“It’s probably something we should look at and evaluate,” says Chuck Henley, deputy director of public works for transportation services for the city.
Henley says the city doesn’t regularly reassess traffic patterns as a whole. It does, however, monitor major developments that can affect traffic flow. The improvements along East Broad Street around the convention center have led to one study, and the city is looking at traffic patterns on Main Street in Shockoe Bottom, for example.
But not Main and Cary downtown.
“You really have to be careful when you take them out,” says Ralph H. Rudy, assistant city traffic engineer, referring to the no-parking signs. Strolling down Main last week, he laments the difficulty of putting the signs back later, if needed. And considering the new developments along Broad Street, it’s not unlikely that more traffic could begin filtering back through the financial district and up through Monroe Ward.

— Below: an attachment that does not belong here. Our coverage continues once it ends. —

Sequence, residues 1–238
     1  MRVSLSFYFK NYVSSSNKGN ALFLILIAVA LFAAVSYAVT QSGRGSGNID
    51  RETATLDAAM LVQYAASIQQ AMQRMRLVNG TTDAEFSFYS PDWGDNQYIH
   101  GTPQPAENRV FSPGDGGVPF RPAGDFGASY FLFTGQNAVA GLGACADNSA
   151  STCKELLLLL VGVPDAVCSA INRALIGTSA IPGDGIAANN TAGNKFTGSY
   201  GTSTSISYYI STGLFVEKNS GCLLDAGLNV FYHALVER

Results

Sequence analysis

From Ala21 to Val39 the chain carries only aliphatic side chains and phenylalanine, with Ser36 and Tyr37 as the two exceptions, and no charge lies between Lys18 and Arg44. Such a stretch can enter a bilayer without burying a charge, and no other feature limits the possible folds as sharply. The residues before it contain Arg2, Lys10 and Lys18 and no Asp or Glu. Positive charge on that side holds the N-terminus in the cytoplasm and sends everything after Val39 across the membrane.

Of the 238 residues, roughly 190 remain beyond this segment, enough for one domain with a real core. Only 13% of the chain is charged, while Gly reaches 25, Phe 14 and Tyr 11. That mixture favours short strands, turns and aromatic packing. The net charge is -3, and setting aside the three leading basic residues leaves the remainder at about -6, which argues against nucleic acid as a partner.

“People are going to be looking for other routes,” he says.
Still, there are some signs that likely need to go, says Stephen A. Hanson, traffic operations engineer for the city. But drivers will have to wait until other developments, such as those on Broad Street, play out.
“There is no doubt that probably some of them are outdated,” Hanson says. “When all of these things get into full swing, in all likelihood we’ll change some of the traffic patterns.” — Scott Bass
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